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Friday, December 19, 2014
Southern Weather Radar


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    electric fan

    Think low-tech when battling the mosquito this summer

    by | Jul 29, 2013
    Think low-tech when battling the mosquito this summer

    All the rain that has poured down on us in the Atlanta area this year may produce something besides greenery. We may see one of the worst mosquito seasons in years.

    Now before you jump in your car to get more high-powered spray, or buy a bug zapper, hold on. There might be another way to combat the vast horde of mosquitoes we anticipate coming this summer. No, nothing sophisticated, nor something you slather on your body, nor a high tech gizmo.

     

     

    a bumper crop

    Zucchini and Social Capital

    by | Jul 15, 2013
    Zucchini and Social Capital

    Southerners, it is that time of year again: be on the lookout for friends and neighbors giving away bountiful supplies of beautiful, green zucchini.  Watch for zucchini peeking out of slightly ripped plastic bags left swinging on door knobs or sitting innocently in church pews.  But tread carefully: accepting zucchini from friends and strangers alike may mean more than one thinks.

     

     

    the food we share

    An Open Letter to Paula Deen

    by | Jun 29, 2013
    An Open Letter to Paula Deen

    Dear Paula: I want you to understand that I am probably more angry about the cloud of smoke this fiasco has created for other issues surrounding race and Southern food.  To be real, you using that word a few times in the past does nothing to destroy my world.  It may make me sigh for a few minutes in resentment and resignation, but I’m not shocked or wounded.  No victim here.  Systemic racism in the world of Southern food and public discourse not your past epithets are what really piss me off.

     

     

    that southern classic

    Let Us Praise The Tomato

    by | Jun 27, 2013
    Let Us Praise The Tomato

    Like the red poinsettia, the red, ripe tomato comes to us by way of Mexico by way of Peru … except that it starts out green. And it’s not a vegetable. It’s a berry, a beloved berry. Botanical correctness mandates that you refer to the tomato as a fruit and being pulpy with edible seeds classifies it as a berry.

     

     

    subject revolts

    Her Majesty, Queen Paula Deen

    by | Jun 27, 2013
    Her Majesty, Queen Paula Deen

    I hate Paula Deen. I despise her. I loathe her. My thesaurus runneth dry with enough verbs to describe my acrimony, antipathy, and animosity toward the woman. I have hated Paula Deen since long before her recent imbroglio. For almost five years, in fact.

     

     

    Southern Charm

    I know you are but what am I?

    by | Jun 15, 2013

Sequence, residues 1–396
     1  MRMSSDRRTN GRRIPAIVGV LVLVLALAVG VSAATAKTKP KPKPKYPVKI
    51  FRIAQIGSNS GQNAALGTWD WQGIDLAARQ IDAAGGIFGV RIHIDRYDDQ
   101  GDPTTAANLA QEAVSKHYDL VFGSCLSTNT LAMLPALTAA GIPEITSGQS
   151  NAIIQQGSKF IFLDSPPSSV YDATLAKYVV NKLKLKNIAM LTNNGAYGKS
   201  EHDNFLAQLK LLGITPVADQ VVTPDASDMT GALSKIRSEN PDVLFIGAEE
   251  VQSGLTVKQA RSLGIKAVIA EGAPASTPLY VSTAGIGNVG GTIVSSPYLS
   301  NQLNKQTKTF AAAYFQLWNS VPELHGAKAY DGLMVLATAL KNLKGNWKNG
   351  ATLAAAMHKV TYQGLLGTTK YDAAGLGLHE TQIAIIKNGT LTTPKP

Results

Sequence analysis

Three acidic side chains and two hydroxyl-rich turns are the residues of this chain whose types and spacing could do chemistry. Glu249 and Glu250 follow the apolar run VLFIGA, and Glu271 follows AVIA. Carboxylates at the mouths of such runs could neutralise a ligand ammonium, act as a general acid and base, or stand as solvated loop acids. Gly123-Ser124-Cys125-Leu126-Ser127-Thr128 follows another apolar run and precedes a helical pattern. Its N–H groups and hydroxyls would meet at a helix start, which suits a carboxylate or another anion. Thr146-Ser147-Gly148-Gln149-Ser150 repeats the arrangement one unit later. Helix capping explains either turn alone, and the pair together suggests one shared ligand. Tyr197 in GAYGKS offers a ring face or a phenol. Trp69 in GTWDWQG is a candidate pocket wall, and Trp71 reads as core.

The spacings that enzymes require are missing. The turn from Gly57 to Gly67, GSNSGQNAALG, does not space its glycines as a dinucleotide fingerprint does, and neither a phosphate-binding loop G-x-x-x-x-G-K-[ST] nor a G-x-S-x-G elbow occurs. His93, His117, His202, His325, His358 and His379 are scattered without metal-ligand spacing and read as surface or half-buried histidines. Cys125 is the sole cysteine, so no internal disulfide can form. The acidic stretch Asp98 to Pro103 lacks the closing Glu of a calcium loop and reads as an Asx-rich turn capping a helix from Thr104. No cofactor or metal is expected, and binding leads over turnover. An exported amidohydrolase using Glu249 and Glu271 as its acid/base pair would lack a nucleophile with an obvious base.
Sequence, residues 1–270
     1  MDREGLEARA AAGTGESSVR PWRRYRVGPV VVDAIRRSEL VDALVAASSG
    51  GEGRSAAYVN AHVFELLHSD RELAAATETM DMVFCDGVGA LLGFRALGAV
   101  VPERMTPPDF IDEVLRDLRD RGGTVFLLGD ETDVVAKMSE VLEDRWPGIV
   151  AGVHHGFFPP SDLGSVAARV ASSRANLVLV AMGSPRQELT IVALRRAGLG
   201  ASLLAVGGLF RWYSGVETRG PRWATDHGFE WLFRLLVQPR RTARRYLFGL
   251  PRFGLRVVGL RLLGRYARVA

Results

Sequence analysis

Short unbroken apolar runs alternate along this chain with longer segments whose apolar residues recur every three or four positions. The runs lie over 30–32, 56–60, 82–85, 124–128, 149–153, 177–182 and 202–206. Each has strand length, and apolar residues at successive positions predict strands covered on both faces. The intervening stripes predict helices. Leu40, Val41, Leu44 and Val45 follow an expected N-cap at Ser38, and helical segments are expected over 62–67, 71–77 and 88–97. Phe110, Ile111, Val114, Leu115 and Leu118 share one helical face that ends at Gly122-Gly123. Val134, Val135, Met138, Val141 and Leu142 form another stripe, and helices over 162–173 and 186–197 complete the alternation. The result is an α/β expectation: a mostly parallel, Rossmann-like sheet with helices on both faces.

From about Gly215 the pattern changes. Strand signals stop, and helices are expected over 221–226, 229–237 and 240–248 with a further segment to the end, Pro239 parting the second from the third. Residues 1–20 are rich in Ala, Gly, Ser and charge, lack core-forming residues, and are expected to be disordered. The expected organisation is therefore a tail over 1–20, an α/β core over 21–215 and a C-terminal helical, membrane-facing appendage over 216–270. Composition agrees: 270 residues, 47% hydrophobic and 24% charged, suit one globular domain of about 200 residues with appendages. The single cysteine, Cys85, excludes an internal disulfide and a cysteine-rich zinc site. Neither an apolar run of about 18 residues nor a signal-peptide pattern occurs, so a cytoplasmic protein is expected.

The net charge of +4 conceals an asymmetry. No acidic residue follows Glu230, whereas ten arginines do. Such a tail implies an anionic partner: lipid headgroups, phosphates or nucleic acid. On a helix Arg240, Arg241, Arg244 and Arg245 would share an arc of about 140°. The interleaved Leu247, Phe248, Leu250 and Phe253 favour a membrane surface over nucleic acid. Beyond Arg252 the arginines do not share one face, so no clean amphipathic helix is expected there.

I know you are but what am I?

    A friend sent me a video compilation of the 100 best movie insults. I enjoyed watching all of them but they all fell flat when compared to a few I have had the pleasure to hear personally. There are several types of insults, both intended and unintended. An insult can be delivered in anger, disguised in humor, masked as love and caring, or just thrown out like a fast ball. The preferred delivery is as personal as your fingerprints…

     

     

    Southern Places

    The Past, Price’s Mill & Polk Salad

    by | May 27, 2013
    The Past, Price’s Mill & Polk Salad

    It Was Good Enough For Folks Like Annie

    I left the Empire State of the South the day after Mother’s Day and headed to the Palmetto State. The border, mere minutes away, brought to mind the Allman Brothers’ “Blue Sky.”

    “Goin’ to Carolina … won’t be long til I’ll be there.”

     

     

    Jeff Being Jeff

    Warren Zevon & The New Mind Of The South

    by | Apr 30, 2013
    Warren Zevon & The New Mind Of The South

    Warren Zevon’s “Play It All Night Long” comes to mind when reading The New Mind of the South, the recently published book by journalist Tracy Thompson. The New Mind of the South,an engaging and edifying work, illustrates that for all the changes the South has experienced in the last 50-60 years, old ways and long-held beliefs still die hard. Much of the book’s content could be discussed at the Dew Drop Inn, the shelter Zevon created for fellowship and lubrication.

     

     

    Pass The Rice Please

    Carolina Gold Conquered The World

    by | Apr 30, 2013
    The "Avenue of Oaks" approach to Mansfield Plantation (Thomas Namey) http://www.nameydesign.com

    “The past is never dead. It’s not even past.” —William Faulkner

    Early this spring I spent two days in ricefield country over near Georgetown. Working on a new book, Reflections Of South Carolina, Volume II, (USC Press) I went to Mansfield Plantation to time travel. Turning off Highway 701 onto Mansfield Road I hurdled three hundred years into the past.